It turns out that I spent the beginning and the end of last week in the hospital, first for a moderately invasive medical procedure and then for a difficult to diagnose (but ultimately easy to resolve) complication. I am now better than ever. (Ed. That's not saying much!)
While I was gone, an interesting debate broke out in the comments section of a post on Larry Craig. The issue was whether the US was founded as a Christian nation and much of the discussion focused on the religious views of the founders.
There is a tradition of noting that some of the founders were Deists or Unitarians and implying an intention to create a thoroughly secular public order.
My sense is that the better scholarship (and perhaps the emerging - or at least the latest - consensus) supports a somewhat different view. It is hard to argue that the founders imagined the type of naked public square called for by groups like Americans United and the ACLU or the robust wall of separation that the Supreme Court has sometimes sought to maintain.
It is a bit anachronistic to extrapolate from views held in the context of a society in which religious differences were almost entirely between differing Christian sects. Unitarians then were not quite what we know to be Unitarians today - generally folks who like church but aren't all that enamored with the God thing.
In any event, the question before us is not so much the religious views of the founders but the regime they created. The state of Thomas Jefferson's soul may be interesting but, ultimately, it's just not that relevant. (Jefferson, incidentally, was not even at the Constitutional Convention.) Whatever he - or any of the others - "truly believed", it is hard to make an historical argument for, as one prominent law professor puts it, public life as a "religion-free zone."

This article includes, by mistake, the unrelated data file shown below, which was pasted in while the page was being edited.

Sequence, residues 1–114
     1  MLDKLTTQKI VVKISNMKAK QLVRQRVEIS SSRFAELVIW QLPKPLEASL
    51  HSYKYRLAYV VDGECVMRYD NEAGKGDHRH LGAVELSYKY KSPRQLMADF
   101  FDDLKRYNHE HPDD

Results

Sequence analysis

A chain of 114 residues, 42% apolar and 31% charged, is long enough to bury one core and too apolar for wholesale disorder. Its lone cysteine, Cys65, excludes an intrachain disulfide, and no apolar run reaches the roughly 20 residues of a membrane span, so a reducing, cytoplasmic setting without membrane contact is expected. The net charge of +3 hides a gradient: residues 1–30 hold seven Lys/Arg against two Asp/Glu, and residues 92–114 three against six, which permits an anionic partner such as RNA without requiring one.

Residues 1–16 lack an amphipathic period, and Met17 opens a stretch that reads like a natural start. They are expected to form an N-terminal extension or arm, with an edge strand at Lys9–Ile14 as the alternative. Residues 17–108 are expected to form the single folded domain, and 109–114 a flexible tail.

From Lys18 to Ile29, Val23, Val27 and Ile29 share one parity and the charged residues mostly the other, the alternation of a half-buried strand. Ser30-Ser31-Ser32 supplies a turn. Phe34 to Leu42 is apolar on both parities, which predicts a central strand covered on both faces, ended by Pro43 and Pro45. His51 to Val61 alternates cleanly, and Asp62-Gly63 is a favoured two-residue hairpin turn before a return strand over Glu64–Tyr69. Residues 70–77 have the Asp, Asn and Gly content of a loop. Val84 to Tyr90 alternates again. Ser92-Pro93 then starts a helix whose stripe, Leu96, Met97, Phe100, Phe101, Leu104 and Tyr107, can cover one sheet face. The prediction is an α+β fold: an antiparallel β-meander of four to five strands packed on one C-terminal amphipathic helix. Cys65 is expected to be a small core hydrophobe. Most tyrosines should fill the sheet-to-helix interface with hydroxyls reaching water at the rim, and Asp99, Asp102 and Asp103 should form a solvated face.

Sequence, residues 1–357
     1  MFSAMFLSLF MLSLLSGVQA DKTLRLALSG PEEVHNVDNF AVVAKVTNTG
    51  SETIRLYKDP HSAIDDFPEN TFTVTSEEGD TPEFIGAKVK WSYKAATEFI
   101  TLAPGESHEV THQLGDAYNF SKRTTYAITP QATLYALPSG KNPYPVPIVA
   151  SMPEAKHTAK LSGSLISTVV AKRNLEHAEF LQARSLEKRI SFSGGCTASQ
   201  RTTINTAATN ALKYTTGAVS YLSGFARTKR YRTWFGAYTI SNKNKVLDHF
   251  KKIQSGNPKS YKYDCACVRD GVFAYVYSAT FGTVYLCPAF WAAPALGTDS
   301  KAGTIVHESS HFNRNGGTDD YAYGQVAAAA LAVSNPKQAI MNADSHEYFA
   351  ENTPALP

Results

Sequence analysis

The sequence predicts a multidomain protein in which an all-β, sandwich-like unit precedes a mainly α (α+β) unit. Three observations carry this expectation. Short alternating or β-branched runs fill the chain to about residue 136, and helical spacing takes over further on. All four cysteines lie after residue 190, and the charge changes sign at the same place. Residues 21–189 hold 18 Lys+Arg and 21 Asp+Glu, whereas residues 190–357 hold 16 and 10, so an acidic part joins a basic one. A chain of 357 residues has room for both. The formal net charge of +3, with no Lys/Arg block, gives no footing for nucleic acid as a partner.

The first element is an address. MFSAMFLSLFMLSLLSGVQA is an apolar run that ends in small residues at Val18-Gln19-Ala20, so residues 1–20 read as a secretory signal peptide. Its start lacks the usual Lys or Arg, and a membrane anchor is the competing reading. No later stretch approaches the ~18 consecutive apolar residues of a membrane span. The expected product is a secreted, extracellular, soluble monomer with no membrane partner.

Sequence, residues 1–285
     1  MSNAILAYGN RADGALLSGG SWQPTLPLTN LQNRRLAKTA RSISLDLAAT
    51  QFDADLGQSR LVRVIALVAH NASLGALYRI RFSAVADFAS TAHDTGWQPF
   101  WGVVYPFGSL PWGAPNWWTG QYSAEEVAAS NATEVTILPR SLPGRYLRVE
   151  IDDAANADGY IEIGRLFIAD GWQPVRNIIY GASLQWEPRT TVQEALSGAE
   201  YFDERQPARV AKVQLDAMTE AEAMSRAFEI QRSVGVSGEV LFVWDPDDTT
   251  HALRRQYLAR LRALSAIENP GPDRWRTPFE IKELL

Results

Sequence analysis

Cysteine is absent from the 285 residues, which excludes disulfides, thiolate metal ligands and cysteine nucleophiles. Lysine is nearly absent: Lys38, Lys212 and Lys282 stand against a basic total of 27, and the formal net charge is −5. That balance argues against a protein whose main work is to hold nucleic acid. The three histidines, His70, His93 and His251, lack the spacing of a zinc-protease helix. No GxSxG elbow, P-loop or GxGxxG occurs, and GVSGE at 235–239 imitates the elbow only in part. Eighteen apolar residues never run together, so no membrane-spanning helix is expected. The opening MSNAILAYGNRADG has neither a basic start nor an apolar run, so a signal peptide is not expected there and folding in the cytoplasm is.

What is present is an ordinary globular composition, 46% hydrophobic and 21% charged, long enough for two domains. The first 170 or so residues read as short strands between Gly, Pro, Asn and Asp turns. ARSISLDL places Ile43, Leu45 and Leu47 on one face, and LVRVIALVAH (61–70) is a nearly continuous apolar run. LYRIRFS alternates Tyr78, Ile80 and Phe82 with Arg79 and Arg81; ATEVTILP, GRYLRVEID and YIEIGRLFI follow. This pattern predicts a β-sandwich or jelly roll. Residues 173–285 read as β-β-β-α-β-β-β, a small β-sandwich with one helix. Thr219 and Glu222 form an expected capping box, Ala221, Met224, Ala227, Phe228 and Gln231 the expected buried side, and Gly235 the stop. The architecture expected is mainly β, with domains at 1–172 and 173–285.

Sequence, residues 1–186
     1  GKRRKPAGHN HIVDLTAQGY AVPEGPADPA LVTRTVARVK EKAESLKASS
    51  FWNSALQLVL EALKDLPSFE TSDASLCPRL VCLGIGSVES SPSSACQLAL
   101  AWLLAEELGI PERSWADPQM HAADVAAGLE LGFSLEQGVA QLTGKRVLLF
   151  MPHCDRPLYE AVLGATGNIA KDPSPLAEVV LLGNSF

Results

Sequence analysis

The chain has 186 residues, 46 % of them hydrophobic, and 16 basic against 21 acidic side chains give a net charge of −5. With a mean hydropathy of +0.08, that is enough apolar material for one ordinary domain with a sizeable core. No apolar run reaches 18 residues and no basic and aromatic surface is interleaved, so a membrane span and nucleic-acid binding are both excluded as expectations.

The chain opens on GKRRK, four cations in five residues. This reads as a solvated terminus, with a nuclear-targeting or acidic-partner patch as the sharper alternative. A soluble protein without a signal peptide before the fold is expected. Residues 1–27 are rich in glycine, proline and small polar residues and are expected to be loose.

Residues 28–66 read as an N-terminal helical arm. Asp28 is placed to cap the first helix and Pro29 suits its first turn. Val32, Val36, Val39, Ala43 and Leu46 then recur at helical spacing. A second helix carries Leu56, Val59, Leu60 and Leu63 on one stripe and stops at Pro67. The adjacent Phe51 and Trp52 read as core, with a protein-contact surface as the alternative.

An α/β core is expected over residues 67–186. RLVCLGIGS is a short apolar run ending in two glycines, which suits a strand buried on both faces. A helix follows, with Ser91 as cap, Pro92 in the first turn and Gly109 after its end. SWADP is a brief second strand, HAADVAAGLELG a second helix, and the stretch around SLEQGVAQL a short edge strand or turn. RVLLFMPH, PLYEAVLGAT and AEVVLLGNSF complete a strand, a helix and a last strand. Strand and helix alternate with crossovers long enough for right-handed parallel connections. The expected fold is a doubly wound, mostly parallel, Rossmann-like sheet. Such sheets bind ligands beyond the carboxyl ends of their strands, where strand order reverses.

On the other hand, I am uncertain what it is supposed to mean to say that the United States is a Christian or Judeo-Christian nation. It is certainly descriptive to say that it has been, for it's entire history, a nation largely made up of Christians and Jews. One can also make an argument that its constitutional principles and national character have a Judeo-Christian pedigree.
But what does that mean? A person can endorse those principles without being a Christian or Jew, even if you think she is living on borrowed intellectual capital. It seems axiomatic that, even if you believe (as I do) that there is more room for religious expression in public forums than some of our jurisprudence would permit, there is a clear constitutional proscription against establishing a national religion and a rather unqualified guarantee of religious freedom.
I am with the late Chief Justice Rehnquist that trying to describe this as a "wall" is a useless metaphor based on bad history. I agree with Justice Reed that there is a certain folly in basing a rule of law on a figure of speech. But I also can't see much help in calling the U.S. a Christian nation. That is, in many ways, an accurate description, but it's not a rule of decision or a legal status.